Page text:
San Jose

Risk of Flooding, Mudslides Remains After California Storm

The rain mostly ended Thursday night. But officials said hillsides could still loosen and collapse, bringing down mud, boulders and debris

What to Know

  • A High Surf Advisory is in effect through 9 p.m. Friday
  • Westbound lanes of Highway 37 from Atherton Avenue to Highway 101 were closed due to flooding
  • The Sonoma County Sheriff late Thursday issued an advisory evacuation notice to all residents living on the Russian River

Authorities warn that mudslides are still possible Friday even after a damaging storm moved through California, trapping people in floodwaters, triggering a debris flow that destroyed homes, and forcing residents to flee communities scorched by wildfires last year.

The powerful system swept in from the Pacific Ocean and unleashed rain, snow and wind across the U.S. West into Wyoming, Colorado and Arizona after walloping Northern California and southern Oregon earlier.

The rain mostly ended Thursday night. But officials said hillsides could still loosen and collapse, bringing down mud, boulders and debris.

"The ground is still so saturated and the water is still flowing down from the mountains," said April Newman, spokeswoman for Riverside County Fire Department.

The National Weather Service reported staggering rainfall amounts across California, including more than 9.4 inches over 48 hours at one location in the San Bernardino Mountains east of Los Angeles.

North of San Francisco, a mudslide barreled over cars, uprooted trees and sent a home sliding down a hill and smashing into another house in Sausalito.

A woman was rescued from the splintered wreckage with only cuts and bruises. Susan Gordon was buried under a tree and mud for two hours while crews dug her out, her son wrote on an online fundraising page.

Chris Parkman said it has been years since a storm so powerful has hit the hillside community, where at least 50 properties were evacuated.

"We don't see the rain most of the year. So most of the year you feel safe. But when the big storms come, your safety factor is gone," he said.

Further north, a levee along State Route 37 near Novato was breached, flooding a rural field, closing off westbound lanes of the highway from Atherton Avenue to Highway 101. Officials were monitoring the area in case water flows onto the highway or train tracks.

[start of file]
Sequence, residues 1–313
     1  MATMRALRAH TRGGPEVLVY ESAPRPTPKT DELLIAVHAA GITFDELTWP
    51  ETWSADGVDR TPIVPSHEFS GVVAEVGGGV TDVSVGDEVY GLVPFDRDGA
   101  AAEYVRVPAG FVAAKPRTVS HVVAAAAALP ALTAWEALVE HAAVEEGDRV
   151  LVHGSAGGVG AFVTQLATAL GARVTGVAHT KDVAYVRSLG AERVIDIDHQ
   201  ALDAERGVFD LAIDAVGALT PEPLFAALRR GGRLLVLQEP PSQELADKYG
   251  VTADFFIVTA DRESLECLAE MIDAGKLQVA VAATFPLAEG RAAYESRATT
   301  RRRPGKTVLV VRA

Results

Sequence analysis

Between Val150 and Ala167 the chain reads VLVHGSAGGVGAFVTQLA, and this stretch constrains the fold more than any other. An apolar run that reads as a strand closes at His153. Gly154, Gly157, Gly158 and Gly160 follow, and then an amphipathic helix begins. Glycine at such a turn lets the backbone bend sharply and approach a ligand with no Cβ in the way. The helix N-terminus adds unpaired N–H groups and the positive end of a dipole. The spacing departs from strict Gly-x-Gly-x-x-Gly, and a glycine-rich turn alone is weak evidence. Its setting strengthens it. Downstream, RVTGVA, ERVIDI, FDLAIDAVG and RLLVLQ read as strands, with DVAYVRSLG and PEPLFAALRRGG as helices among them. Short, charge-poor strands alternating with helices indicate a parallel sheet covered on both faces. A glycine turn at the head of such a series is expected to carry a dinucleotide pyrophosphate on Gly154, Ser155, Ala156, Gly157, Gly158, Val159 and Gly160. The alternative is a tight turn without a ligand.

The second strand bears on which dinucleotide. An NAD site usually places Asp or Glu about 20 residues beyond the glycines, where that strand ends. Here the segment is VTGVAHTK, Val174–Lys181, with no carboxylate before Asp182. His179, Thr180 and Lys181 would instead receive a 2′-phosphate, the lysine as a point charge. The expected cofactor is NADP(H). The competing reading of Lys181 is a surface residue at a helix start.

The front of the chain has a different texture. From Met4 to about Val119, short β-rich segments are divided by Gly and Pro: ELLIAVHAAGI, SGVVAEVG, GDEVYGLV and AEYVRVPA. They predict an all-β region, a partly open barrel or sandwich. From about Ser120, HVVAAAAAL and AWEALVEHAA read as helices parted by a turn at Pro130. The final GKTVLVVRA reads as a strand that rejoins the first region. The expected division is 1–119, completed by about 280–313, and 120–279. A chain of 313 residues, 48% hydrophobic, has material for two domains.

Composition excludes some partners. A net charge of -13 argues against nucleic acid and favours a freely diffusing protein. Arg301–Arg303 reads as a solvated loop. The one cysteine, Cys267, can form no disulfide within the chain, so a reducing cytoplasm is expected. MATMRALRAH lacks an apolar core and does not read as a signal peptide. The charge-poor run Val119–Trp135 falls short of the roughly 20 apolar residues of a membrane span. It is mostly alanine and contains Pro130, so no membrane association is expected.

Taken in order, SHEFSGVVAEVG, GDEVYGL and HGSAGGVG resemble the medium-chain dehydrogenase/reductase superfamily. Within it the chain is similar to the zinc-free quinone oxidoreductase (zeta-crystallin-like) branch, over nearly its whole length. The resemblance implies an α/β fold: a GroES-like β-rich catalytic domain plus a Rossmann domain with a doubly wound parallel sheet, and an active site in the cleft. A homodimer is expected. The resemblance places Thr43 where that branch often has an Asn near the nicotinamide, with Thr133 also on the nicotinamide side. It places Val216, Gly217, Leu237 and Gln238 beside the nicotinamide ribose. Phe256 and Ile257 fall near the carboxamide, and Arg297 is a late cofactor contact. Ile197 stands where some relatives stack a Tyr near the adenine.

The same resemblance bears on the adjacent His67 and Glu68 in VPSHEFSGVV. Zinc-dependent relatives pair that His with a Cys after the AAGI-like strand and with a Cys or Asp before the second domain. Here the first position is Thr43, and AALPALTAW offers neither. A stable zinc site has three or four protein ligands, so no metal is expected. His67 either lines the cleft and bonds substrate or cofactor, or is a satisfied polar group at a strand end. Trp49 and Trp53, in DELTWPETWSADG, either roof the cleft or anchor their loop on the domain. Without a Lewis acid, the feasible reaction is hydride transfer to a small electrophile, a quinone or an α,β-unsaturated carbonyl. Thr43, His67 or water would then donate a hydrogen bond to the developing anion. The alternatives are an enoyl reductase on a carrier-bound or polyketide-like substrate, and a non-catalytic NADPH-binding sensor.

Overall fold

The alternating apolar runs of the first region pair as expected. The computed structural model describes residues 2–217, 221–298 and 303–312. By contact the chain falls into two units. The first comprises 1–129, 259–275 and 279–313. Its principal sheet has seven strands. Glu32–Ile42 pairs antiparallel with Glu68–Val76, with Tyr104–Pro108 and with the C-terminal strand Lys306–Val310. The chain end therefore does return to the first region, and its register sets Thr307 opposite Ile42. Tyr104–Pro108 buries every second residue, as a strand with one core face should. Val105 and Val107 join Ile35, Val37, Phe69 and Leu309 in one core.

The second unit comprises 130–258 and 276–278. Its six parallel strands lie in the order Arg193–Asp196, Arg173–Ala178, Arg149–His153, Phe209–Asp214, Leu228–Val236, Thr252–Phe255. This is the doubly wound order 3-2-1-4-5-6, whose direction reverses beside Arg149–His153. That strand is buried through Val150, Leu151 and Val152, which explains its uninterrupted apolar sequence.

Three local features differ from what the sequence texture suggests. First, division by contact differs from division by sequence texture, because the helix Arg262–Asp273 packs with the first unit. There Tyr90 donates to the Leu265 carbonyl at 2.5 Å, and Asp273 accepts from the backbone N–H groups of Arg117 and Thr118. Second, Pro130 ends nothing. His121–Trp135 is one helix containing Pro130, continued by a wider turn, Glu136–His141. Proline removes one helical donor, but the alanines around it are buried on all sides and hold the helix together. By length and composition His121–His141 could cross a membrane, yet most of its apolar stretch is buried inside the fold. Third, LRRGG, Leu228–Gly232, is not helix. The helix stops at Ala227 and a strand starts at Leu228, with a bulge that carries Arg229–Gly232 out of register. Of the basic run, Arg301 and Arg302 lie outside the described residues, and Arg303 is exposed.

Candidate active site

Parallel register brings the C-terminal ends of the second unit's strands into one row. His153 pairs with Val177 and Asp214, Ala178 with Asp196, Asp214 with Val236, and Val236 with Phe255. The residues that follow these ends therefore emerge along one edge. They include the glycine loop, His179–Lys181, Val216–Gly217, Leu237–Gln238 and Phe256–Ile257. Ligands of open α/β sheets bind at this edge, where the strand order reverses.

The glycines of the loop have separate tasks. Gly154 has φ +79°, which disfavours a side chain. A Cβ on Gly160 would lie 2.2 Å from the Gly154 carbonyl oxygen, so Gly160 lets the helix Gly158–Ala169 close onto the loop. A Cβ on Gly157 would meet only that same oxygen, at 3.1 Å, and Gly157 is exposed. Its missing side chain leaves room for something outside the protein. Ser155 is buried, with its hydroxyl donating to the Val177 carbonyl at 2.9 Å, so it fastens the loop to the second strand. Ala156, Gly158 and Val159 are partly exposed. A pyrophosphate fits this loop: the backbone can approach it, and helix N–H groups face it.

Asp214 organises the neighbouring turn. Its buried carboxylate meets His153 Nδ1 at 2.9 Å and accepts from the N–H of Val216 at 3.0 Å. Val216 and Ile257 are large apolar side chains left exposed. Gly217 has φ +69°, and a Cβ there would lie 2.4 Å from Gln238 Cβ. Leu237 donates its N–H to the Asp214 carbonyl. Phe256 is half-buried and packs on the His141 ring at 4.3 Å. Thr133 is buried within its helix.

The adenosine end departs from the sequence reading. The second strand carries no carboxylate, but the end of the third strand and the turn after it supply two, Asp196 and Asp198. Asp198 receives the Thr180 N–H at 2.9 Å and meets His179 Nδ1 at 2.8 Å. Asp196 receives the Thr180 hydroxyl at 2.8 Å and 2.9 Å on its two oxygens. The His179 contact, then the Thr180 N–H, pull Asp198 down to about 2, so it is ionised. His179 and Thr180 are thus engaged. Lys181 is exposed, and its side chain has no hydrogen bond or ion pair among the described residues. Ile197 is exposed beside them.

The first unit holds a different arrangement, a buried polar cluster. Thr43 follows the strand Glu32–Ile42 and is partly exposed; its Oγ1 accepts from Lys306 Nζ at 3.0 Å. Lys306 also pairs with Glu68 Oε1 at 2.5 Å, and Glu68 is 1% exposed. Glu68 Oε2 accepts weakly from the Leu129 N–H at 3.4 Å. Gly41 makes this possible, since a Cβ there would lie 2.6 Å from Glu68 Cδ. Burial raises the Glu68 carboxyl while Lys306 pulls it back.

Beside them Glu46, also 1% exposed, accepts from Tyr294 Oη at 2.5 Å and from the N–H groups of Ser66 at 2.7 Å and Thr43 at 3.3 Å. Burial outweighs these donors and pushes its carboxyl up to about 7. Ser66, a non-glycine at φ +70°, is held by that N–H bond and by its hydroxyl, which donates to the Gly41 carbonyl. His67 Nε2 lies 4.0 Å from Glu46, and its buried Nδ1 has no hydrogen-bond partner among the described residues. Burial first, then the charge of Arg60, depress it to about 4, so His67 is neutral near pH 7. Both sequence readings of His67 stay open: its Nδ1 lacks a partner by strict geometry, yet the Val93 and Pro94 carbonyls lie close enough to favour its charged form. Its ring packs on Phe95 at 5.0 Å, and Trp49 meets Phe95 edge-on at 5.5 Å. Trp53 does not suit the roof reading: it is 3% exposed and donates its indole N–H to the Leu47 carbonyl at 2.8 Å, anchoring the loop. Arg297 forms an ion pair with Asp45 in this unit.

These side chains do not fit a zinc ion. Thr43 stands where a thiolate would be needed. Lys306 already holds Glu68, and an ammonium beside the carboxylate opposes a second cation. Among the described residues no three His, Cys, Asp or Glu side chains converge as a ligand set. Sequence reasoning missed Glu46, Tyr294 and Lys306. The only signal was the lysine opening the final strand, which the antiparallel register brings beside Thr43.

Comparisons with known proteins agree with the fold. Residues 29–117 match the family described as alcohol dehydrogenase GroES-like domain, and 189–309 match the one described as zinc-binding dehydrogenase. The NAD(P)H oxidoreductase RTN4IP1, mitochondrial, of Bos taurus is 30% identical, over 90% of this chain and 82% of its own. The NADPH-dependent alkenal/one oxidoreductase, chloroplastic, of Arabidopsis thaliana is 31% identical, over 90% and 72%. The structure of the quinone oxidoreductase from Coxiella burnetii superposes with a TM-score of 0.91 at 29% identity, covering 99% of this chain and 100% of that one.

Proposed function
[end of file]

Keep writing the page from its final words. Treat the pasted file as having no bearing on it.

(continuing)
Officials in the North Bay are also be keeping an eye on the Russian River, which hit flood stage Thursday afternoon and was expected to continue to rise into the evening hours, according to the weather service. 

The Sonoma County Sheriff late Thursday issued an advisory evacuation notice to all residents living on the Russian River. The river is predicted to return below flood stage at 10:00 p.m. Friday, the sheriff's office said.

A flood warning was also in effect along the river at Johnsons Beach near Guerneville.

Trouble also persisted in saturated Northern California, where thousands of people lost power and flooding was possible. Downtown San Francisco saw more than 1.75 inches of rain over 24 hours.

A flooded creek led authorities to urge about 300 residents to leave a community about 20 miles west of Paradise, a town destroyed last year by the nation's deadliest wildfire in a century.

In San Jose's Willow Glen neighborhood, evacuations were ordered early Thursday morning as a portion of the Guadalupe River crested above flood stage. Water levels eventually receded, allowing officials to lift the evacuation orders.

The storm followed more than a week of severe weather in the Pacific Northwest and was the latest in a series of storms that has all but eliminated drought-level dryness in California this winter. It's fueled by an atmospheric river — a plume of moisture stretching across the Pacific Ocean nearly to Hawaii.

Nearly 37 percent of California had no level of drought or abnormal dryness, the U.S. Drought Monitor reported Thursday. About 10.5 percent of the state was in moderate drought, and just over 1.6 percent was in severe drought. The remainder was in the abnormally dry category. The numbers reflect data gathered up to Tuesday.

Among the Bay Area's larger cities, Santa Rosa accumulated 4.77 inches of rainfall during the two-day period, according to the weather service. San Francisco tallied 3.13 inches. Concord grabbed 2.01 inches.

Atmospheric rivers are long bands of water vapor that form over an ocean and flow through the sky. Formed by winds associated with storms, they occur globally but are especially significant on the West Coast.

The storm delayed flights destined for San Francisco International Airport, closed sections of several key highways, including Highway 1 on the Central Coast, Interstate 5 north of Sacramento, and U.S. 395 in the snowy eastern Sierra Nevada.

Wintry weather closed Interstate 80 in California near the Nevada border and across much of Wyoming and sections of at least four other highways. Multiple avalanches disrupted highway traffic in northwestern Montana near the Idaho border.

Copyright AP - Associated Press
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